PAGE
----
Column: 6 networking goals for other people
Photo by Jason M
We've talked on numerous occasions about the importance of setting goals in our networking practice — from short-term goals, such as the number of people you plan on meeting at an event, all the way to long-term goals such as your ultimate target for your networking — whether it be growing your business, finding employment, or supporting a charity.
While we're setting these goals for ourselves, we should also consider setting a few goals for other people. No, I don't mean set goals for them to achieve, but rather set goals which we will achieve for them. Remember that great networking is about helping other people. So what sorts of things could we set as goals for ourselves to show that we are supporting the folks in our network?
Here's a short list:
- Make a referral. It doesn't necessarily have to be to a specific person, though if you are close networking partners, you may indeed need to set a specific goal for them. Even if you set the goal to connect at least one person per month with a potential business opportunity, you will begin looking for those chances whenever you are in a networking situation.
- Make an introduction. One of the most generous things you could do would be to help another person extend their network. Which members of your network could stand to meet each other?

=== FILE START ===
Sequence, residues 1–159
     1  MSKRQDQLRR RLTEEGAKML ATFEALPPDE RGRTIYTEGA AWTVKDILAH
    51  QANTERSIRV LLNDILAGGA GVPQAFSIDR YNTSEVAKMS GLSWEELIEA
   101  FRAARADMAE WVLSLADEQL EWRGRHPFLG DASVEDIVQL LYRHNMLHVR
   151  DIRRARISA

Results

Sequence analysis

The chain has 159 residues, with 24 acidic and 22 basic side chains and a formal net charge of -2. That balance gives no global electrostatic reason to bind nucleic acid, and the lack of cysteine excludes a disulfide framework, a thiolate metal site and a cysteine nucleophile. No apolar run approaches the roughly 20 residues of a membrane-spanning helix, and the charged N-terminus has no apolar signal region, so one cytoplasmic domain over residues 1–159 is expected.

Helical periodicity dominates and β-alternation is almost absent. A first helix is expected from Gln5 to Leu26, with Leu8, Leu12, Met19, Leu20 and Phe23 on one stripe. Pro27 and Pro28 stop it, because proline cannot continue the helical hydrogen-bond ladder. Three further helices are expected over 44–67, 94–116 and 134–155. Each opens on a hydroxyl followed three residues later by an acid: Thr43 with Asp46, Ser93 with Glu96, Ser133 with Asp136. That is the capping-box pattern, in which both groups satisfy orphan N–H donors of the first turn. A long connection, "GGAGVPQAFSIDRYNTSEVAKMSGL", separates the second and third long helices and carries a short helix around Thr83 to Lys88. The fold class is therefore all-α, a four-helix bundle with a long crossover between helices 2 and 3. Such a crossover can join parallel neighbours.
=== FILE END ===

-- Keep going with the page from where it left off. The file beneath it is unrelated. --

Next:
- Extend an invitation. Of course, since you are an amazing networker, you attend a lot of events, but maybe not everyone in your network has developed that far yet. Extend the invitation and help them out.
- Send an article. Read with other people in mind. Whether it's a blog post, a magazine article, a podcast, or a newspaper clipping, as you read, think to yourself "Who else might enjoy this article?"
- Write a Gratitude Note. Let them know you think they're great.
- Write a testimonial. Let everyone know you think they're great.
Set these "other people" goals, just like you would those for yourself. Pick one, set a number and set a date. Work at achieving that one goal. Then pick a new one and repeat. The intent here is to incorporate these goals gradually into the ones that we're trying to achieve for ourselves already. With enough practice, people will begin to see us as a generous person who is always looking for a new way to give back.
Not a bad reputation to have.